Summer is in full swing, and depending on where you live, the heat may be becoming nearly unbearable. While everyone should be mindful about the risk of dehydration in the summer months, the condition can be particularly scary for pregnant women. If you're feeling your body tell you it's dangerously low on fluids, what should you do? Should you go to the hospital if you're dehydrated while pregnant?
Not necessarily, says Dallas OB-GYN Sheila Chhutani. In an interview with Romper, Chhutani says, "As long as you can hydrate yourself orally, then you can stay home and hydrate. If you have been sweating a lot, it is important to replace electrolytes as well as water. Diluting juice, low calorie sports drinks, or electrolyte tabs in water will help you do that. If you are nauseated and vomiting and can't keep anything down orally, you should go call your healthcare provider."
So how exactly do you know if you're dehydrated? It's more than just feeling thirsty, and not all dehydration results in nausea or vomiting. Turns out, there's a fool-proof way to tell. Chhutani explains, "You know if you are hydrated by the color of your urine. If it is light yellow or clear in color, you are hydrated. If it is dark, you need to drink more."
It's important to remember that you are more susceptible to the symptoms of dehydration during pregnancy than you normally would be, because your blood pressure is typically lower when you're pregnant. Dehydration has the potential to bring with it those two little words that bring fear and trembling to expectant mothers everywhere: preterm labor.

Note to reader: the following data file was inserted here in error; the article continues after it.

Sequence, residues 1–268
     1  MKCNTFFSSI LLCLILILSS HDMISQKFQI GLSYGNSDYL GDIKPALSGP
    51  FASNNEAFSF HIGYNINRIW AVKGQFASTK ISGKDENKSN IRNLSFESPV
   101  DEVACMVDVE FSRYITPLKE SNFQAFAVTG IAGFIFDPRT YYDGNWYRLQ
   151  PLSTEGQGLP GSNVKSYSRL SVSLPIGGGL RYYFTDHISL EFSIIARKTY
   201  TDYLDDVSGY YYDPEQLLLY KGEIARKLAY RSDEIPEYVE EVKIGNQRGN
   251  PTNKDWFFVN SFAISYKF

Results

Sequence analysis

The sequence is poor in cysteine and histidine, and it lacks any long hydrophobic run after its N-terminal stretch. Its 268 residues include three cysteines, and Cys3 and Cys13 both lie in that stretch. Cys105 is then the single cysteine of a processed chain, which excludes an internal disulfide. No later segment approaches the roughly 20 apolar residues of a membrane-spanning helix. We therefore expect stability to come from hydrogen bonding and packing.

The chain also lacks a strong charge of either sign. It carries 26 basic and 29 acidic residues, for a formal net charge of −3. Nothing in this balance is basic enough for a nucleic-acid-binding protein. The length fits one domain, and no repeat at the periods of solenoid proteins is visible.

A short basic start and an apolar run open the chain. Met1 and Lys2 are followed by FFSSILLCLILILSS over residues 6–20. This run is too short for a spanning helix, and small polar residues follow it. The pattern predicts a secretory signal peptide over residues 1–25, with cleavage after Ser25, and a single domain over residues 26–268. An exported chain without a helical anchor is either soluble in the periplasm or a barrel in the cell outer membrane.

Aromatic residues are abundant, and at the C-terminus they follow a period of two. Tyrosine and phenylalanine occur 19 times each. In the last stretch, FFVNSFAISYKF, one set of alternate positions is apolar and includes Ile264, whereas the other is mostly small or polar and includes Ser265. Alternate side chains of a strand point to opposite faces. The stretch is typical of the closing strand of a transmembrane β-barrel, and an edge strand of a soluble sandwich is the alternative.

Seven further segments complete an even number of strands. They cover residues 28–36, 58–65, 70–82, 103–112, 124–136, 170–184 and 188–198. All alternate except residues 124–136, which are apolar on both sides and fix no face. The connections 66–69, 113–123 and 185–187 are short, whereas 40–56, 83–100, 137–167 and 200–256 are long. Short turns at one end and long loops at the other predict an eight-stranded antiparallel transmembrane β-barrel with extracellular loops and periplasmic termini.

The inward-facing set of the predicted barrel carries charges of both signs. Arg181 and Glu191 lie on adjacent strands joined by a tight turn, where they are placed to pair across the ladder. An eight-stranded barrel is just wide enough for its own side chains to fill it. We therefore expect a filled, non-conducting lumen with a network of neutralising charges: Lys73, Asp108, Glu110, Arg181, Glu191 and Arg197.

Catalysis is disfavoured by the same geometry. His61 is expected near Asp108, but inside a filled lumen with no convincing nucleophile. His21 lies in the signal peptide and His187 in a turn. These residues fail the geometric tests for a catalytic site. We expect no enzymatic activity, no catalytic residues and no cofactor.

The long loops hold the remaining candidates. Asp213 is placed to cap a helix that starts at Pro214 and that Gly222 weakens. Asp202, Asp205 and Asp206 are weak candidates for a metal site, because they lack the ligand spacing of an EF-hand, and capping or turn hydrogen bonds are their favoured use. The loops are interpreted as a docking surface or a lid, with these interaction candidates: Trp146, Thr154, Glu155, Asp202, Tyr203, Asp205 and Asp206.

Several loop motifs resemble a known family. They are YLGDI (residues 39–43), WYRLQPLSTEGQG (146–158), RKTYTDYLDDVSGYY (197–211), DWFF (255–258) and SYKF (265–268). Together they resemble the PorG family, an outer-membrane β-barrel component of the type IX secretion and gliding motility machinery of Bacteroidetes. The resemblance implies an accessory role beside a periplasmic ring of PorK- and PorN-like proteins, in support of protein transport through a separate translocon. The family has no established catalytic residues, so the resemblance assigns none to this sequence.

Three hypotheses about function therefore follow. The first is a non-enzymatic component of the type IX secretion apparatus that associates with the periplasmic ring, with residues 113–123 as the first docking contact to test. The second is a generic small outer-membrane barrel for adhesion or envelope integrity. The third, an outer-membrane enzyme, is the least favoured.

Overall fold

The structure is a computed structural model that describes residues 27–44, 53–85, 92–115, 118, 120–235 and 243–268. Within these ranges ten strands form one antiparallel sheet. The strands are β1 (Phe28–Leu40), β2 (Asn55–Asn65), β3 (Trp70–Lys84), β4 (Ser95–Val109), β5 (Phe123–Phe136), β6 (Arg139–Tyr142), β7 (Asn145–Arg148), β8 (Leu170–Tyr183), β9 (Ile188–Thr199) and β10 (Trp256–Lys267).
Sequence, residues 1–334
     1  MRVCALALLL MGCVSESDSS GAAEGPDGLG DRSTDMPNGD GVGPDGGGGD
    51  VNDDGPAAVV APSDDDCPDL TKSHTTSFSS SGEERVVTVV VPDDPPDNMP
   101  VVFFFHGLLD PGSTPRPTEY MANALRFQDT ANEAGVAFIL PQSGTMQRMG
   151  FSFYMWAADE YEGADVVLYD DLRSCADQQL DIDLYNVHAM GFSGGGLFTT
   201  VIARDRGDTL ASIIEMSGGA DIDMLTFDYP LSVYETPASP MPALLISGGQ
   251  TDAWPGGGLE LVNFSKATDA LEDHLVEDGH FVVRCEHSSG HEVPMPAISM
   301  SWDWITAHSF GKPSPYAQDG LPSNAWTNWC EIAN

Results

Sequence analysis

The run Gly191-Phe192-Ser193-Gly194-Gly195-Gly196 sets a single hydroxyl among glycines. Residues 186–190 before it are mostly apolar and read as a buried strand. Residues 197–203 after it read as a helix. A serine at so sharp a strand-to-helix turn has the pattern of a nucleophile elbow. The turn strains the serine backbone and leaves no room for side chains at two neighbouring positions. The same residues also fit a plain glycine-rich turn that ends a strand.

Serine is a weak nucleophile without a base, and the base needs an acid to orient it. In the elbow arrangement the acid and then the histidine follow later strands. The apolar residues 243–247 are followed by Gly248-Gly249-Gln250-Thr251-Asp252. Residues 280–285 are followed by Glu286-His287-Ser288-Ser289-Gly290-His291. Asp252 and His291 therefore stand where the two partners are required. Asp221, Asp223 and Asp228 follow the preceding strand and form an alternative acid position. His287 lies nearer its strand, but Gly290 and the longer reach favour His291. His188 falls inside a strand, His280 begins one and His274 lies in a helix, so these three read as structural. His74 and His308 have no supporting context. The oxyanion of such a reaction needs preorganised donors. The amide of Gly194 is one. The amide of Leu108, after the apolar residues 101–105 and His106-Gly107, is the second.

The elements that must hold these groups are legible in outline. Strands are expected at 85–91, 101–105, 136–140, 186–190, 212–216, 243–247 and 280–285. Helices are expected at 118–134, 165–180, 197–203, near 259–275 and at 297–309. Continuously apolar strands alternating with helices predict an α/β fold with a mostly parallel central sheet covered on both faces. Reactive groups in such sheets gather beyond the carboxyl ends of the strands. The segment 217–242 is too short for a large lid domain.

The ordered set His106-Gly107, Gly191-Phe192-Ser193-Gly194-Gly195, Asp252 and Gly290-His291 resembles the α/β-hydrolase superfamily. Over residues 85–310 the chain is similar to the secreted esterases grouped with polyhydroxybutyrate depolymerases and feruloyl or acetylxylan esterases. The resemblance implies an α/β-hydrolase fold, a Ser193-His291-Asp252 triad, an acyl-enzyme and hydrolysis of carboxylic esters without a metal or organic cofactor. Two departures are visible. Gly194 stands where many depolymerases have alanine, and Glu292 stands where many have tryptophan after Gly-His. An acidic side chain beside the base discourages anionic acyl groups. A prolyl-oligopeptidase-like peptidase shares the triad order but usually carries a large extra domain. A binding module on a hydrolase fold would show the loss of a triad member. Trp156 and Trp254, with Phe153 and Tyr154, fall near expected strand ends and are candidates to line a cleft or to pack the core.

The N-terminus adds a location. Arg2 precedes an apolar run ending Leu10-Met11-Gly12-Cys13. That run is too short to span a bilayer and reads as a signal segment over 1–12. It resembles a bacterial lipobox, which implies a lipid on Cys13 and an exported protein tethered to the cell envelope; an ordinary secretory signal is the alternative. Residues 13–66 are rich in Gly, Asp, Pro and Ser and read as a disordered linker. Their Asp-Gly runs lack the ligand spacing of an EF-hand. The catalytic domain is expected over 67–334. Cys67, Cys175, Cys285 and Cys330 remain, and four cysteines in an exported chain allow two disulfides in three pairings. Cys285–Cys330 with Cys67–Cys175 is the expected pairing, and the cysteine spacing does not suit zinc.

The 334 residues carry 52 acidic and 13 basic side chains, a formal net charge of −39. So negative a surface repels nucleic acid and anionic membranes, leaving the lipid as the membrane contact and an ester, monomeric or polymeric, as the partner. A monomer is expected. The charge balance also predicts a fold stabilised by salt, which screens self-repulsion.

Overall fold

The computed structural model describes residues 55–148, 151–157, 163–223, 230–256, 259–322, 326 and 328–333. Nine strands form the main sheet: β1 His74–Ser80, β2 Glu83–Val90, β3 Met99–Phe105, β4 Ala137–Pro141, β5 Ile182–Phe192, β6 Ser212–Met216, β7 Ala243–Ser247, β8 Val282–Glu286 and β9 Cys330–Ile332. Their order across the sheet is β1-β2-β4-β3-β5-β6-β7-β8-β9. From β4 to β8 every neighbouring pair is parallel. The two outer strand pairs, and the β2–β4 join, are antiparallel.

Dr. Yvonne Bohn, a OB-GYN in Santa Monica, says "When a woman is dehydrated, the body will release an anti-diuretic hormone to help conserve fluid. This hormone has a similar structure to oxytocin so women can have uterine contractions stimulated by dehydration. Dehydration that leads to ketosis can be bad for the development of the fetus if it is prolonged. It's also risky if it leads to preterm birth."
Clearly, dehydration during pregnancy is nothing to shrug off lightly. If you're experiencing severe symptoms that aren't being alleviated by home remedies, call your healthcare provider and ask if you need to be seen, and don't hesitate to go in if you find you can't hold any liquids down. But for mild cases of dehydration, even during pregnancy, likely all you'll need is a soft bed and a huge jug of Gatorade.